Pitchfork harvests hipsters’ favorites

By Rose Dichter Schapiro

The week before the summer heat wave broke and released Chicago from temperatures above 100 degrees, Pitchfork Media, the definitive news source for all things indie, curated its second annual music festival in Union Park. Hipsters sidled onto the grassy field in inappropriately constrictive jeans and faux-vintage sundresses to hear an array of bands handpicked by—well, the same people who usually determine the music to which many of these fans listen.

The Pitchfork Festival was focused on emphatic appreciation for indie culture—mostly the music, but also a variety of semi-ironic sunglasses. The two-day festival was billed as a huge bargain—41 bands played, and the double day tickets sold for $30, about 73 cents per performance. The cheapness extended to the rest of the festival, with water selling for only $1, which in the heat was certainly welcome.

Festivities started on Saturday at 1 p.m. Hot Machines opened, forecasting at least the temperature for the weekend. Man Man looked a bit cooler in their standard white outfits and war paint, and sped through a crazy, glitter- and feather-scattered set showcasing their new songs and almost psychotic energy.

John Darnielle of the Mountain Goats connected with the crowd of jaded literature majors who warily gathered in front of the stage. After declaring himself pogo-dictator, Darnielle led the crowd in a bizarre sing-a-long to “No Children,” crooning, “Our friends say it’s darkest before the sunrise/ We’re pretty sure they’re all wrong/ I hope it stays dark forever/ I hope the worst isn’t over.” Destroyer followed in the same vein of liberal arts–referential music (there’s a popular Destroyer drinking game where a shot is taken each time Dan Bejar references an art movement). However, both bands managed to transcend their mellow depression and create energy across the whole field, not just for the diehard fans in front of the stage.

Art Brut is the indie equivalent of a stadium rock band: all meta-clichés and overblown performance. One concertgoer asked, “Does he know how much he’s a parody of himself?” before frontman Eddie Argos launched into a growling version of the song “Formed A Band.” The answer: Probably.

For Ted Leo and the Pharmacists, who followed, self-consciousness was more of a downfall. Ted Leo usually puts on an energetic and careful live show, but seemed vaguely disconnected from his music, remarking, “I feel like I should say something, but I’m not going to” not once, but twice in the course of his set.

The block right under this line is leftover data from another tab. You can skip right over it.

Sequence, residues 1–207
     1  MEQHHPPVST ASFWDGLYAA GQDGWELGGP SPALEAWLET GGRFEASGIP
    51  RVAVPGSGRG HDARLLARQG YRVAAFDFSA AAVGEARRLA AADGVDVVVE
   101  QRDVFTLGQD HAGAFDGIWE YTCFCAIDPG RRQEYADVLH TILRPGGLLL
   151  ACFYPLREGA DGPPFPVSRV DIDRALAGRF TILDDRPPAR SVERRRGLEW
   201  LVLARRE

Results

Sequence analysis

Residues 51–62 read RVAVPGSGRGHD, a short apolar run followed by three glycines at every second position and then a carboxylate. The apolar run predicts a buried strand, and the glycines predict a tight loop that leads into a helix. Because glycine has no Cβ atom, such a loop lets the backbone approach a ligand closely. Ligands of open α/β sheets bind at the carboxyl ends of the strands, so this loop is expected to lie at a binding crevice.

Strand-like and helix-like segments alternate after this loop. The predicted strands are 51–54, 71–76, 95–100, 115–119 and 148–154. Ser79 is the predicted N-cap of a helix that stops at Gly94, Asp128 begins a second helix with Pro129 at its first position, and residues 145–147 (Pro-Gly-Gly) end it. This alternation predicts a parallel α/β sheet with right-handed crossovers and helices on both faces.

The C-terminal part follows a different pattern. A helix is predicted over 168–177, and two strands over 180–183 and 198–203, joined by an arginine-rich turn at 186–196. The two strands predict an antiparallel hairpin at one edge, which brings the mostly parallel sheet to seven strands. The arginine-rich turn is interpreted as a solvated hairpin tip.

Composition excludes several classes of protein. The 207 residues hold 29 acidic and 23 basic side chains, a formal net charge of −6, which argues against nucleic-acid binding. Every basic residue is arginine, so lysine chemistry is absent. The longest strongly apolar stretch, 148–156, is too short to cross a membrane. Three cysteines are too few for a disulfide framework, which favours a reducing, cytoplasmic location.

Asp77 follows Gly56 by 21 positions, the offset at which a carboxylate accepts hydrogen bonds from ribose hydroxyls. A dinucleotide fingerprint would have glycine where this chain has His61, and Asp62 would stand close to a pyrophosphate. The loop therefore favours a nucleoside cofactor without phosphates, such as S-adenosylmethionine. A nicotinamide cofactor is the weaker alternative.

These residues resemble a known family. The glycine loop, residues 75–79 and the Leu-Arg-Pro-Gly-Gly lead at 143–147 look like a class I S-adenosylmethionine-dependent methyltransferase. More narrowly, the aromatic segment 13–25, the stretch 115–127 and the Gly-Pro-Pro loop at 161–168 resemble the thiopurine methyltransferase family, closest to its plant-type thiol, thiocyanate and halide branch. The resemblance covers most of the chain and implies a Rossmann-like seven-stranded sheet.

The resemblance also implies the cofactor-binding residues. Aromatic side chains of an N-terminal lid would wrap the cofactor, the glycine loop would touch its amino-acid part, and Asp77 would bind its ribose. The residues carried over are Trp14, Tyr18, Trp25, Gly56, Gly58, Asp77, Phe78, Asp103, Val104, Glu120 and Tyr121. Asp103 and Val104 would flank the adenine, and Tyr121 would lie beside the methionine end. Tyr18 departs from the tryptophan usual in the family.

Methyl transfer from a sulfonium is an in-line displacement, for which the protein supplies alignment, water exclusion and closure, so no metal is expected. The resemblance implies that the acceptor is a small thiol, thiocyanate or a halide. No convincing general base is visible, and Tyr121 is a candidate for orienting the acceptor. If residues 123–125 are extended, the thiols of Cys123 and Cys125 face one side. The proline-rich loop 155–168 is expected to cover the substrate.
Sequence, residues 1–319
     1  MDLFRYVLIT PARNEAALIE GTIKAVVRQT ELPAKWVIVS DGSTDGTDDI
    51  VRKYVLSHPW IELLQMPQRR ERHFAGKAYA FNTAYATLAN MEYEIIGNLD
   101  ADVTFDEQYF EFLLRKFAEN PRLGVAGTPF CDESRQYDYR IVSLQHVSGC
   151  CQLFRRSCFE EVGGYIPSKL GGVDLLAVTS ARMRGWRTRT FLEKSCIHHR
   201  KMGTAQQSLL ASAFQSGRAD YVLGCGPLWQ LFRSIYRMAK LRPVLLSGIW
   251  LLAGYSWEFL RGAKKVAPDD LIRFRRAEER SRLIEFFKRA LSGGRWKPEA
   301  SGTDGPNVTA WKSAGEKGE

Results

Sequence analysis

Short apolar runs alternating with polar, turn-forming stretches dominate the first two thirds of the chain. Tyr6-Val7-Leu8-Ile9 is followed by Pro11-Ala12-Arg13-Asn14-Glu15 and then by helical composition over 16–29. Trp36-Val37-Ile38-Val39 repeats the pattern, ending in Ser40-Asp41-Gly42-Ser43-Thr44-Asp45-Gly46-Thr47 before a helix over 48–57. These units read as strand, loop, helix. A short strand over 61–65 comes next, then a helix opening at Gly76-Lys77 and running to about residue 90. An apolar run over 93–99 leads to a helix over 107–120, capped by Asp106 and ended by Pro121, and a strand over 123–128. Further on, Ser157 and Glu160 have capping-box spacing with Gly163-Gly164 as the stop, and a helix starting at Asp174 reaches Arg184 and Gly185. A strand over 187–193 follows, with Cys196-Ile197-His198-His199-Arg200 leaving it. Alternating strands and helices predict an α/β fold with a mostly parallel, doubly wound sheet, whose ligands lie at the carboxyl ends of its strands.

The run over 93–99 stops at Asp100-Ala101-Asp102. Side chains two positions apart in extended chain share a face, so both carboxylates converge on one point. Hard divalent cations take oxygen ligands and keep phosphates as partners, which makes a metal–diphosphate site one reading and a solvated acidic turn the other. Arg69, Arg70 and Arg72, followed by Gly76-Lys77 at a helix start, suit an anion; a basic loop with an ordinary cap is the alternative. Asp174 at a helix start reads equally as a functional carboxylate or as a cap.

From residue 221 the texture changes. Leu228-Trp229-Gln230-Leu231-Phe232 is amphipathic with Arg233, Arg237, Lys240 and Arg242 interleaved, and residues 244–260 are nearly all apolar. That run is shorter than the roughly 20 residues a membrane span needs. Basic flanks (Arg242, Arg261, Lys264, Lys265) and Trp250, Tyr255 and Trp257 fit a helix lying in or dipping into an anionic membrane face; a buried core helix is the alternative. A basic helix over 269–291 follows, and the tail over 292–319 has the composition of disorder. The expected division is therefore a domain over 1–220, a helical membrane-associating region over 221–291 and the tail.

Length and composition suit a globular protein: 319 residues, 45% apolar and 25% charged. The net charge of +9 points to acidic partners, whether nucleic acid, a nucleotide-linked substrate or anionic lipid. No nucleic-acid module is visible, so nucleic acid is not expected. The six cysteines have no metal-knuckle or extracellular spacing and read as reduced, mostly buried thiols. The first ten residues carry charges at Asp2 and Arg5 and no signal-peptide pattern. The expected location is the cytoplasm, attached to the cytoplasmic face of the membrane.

The Walkmen seem to have become more morose and unpleasant on their newest record, and their set reflected this change, though they still inspired plenty of dancing. Unfortunately, the Silver Jews, Saturday’s headliners, failed to translate their country-tinged sound to the darkening, tired field.

Bands with matching outfits dominated the early part of Sunday’s line-up. Danielson, an eerie Christian-centric act who are known for sewing hearts on their well coordinated sleeves, managed to create a small crowd around the stage. Swedish singer-songwriter Jens Lekman was accompanied by a brass band of gorgeous blonde women, all clothed in white, as Lenkmen’s crowd waltzed across the grass.

Yet if one strayed too far from this set, the commotion coming from the packed DJ tent was intriguing. Performing in the tent was the back-to-back Brazilian electronic sucker punch. Bonde do Role was followed by Cansei de Ser Sexy, and both had legions of sweaty dancers swaying wildly and moshing to the catchy scream pop. Both bands shout lyrics that are slightly inane, but weirdly spot-on. The lead singer of Bonde do Role broke her arm while crowd surfing and had to be taken to the emergency room, but CSS followed with a fantastic set, full of ripped-out hair extensions, adorably broken speeches about alcohol, and even more crowd surfing.

Sunday afternoon felt adequate but strange, with a noisy set from Liars, who all looked uncomfortable. Aesop Rock and Mr. Lif played the crowd well, as did Mission of Burma, whose combination of new songs and older classics had hundreds of fans pumping their fists simultaneously. Freak-folker Devendra Banhart seemed bored with himself, which was sort of OK for most of the audience, who seemed to need a break and a jaunt through the gigantic rock poster fair.

Yo La Tengo put on a fairly inaccessible set, floating away on a cloud of hipster cred from the more catchy material on their albums. However, the critics’ favorites intentionally took their time when shooed away from the front of the stage, and the tearful WHPK DJ standing next to me proved the band remains popular with many music fans.

Closing out the festival were three excellent performances. Spoon sounded almost exactly like they do on albums, tight and swift. In the DJ tent, Diplo made hundreds of sweaty and tired fans dance as though they were neither. The fans emerged, dripping in other people’s sweat, to the classic, cooling sounds of Os Mutantes, reunited Brazilian giants. Colorful lights flooded the stage as the band played a lovely, exuberant set. And the dancing continued, even as the attendees filtered out of Union Park—tired, hot, but probably fairly fulfilled. Pitchfork was well organized and truly appealing to almost everyone who attended. Being in a group that seems to be genuinely enjoying themselves and respecting one another is a rare experience, and in this case a satisfying one.